Some readers share Ian Harrex's view that road damage from logging has been overstated - while others say it's a lot of rubbish.
A Wanganui District Council study estimated it will cost the district an extra $20 million over the next 30 years to repair damage done by logging trucks to rural roads. Forester and developer Ian Harrex has questioned that figure. In the October 12 Chronicle he used Tokomaru East and West roads as a benchmark, and said the figure would be closer to $5.4 million, or $8 million at most.
Those roads were in "brilliant" condition now and that was partly down to work done to prepare them for logging traffic, he said.
The Chronicle talked to three people who drove Tokomaru West Rd regularly.
One, who did not want to be named, said it was far from "brilliant".
"A few other people I was talking to over the weekend said that was a lot of rubbish.
"I think most neighbours will agree with me.
"Maybe Mr Harrex should come and drive it with us and see what we deal with."
The first five kilometres of tarseal after the Brunswick Rd junction were the worst, he said.
In the first 4km there are 16 places where the seal has worn away, to be replaced by patches of shellrock, some with potholes.
Residents understand the seal will not be replaced until logging on that section has finished - about three years away.
It's a narrow road, and there are lots of places where two trucks cannot pass each other.
"I have nothing against logging but people need to realise the effects on marginal roads," the man said.
Mailman Bruce Murphy and long-time resident Di McIntosh were more upbeat.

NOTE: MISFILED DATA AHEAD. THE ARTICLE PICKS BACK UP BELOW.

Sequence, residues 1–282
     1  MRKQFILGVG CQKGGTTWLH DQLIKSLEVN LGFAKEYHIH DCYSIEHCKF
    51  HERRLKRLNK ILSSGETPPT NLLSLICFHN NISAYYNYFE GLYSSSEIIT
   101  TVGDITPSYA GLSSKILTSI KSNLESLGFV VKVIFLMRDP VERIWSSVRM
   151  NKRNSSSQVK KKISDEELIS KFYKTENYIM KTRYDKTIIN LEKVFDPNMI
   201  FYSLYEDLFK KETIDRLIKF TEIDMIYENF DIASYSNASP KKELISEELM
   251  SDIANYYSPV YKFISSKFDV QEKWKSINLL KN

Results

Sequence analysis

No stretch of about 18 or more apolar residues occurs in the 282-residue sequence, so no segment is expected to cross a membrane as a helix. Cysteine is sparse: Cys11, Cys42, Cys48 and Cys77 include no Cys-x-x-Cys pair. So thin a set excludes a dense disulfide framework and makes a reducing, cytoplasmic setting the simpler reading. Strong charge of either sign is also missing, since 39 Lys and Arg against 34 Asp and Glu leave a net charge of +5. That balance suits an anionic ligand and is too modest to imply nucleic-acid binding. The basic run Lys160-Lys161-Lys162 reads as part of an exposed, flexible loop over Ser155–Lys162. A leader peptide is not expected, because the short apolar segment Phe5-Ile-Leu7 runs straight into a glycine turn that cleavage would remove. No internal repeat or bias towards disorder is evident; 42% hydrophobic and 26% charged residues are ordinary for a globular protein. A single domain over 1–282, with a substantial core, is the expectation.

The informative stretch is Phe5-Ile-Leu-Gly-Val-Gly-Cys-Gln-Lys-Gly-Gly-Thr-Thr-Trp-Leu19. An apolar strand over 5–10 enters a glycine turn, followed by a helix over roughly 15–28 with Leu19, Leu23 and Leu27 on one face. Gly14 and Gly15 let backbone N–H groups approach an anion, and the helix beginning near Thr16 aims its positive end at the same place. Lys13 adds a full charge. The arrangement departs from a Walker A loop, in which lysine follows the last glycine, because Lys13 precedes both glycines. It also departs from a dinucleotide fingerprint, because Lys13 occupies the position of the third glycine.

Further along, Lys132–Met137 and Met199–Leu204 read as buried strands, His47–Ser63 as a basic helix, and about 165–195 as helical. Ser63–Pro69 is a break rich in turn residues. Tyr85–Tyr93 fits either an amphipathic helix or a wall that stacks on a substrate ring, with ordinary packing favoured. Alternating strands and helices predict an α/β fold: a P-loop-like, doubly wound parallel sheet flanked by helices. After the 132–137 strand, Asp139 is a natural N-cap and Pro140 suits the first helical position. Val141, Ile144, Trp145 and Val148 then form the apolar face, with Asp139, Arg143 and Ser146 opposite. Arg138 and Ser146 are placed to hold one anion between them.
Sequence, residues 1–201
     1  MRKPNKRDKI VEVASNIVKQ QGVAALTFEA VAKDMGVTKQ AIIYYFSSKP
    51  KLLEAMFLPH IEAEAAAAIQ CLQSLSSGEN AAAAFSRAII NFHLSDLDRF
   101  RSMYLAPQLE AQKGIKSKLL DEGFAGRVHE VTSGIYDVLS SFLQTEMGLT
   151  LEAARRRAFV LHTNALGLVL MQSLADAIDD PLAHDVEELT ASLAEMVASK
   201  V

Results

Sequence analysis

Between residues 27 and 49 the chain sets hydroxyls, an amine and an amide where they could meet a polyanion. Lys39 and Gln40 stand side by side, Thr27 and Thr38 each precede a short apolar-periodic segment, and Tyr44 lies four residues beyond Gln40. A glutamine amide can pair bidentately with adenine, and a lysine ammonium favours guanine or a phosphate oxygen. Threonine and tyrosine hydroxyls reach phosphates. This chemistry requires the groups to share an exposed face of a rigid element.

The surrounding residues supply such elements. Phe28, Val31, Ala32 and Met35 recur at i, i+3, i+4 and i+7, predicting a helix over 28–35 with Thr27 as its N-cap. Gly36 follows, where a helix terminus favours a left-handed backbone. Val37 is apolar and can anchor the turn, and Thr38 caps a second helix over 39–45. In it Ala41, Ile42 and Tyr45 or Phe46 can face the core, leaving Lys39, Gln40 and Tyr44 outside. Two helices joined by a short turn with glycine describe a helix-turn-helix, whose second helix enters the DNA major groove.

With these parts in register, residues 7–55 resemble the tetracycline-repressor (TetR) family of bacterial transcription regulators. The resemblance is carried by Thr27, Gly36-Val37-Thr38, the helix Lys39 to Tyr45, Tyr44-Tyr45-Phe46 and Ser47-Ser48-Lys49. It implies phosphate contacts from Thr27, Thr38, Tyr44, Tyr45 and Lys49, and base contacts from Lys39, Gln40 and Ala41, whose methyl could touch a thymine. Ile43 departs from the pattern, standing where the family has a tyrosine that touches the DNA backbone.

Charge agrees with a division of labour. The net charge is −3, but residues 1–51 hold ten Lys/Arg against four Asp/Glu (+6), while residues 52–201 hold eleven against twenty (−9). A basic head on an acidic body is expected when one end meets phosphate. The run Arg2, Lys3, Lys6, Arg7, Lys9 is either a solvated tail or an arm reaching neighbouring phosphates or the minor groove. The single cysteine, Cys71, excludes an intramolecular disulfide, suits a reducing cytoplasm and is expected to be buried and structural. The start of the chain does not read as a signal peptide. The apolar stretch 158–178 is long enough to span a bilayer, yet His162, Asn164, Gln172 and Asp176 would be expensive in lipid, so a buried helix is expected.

Mr Murphy said the road had improved in the 35 years he's been driving it, and the damage to the tarseal would have happened even without the logging trucks.
He said parts were not in great order, but there were only 12 residents and not much traffic.
"We don't live in a society where we can afford to spend all this jolly money. I wonder what people do expect."
Mrs McIntosh said the road was better overall than it had been, though the tarseal section closer to town had some bad patches. She thought Mr Harrex summed up the situation well.
Six to eight loads of logs travel the road every day.
Residents and the mailman have been given radios to keep in their vehicles. They use those to check where logging trucks are, and truck drivers will stop and wait at good passing places to let them through.
Nobody had any fault to find with the truck drivers themselves. "McCarthys, I find, are very courteous," Mr Murphy said.
"I think the logging trucks always get a bad rap but they're very good citizens. I can't speak highly enough of them."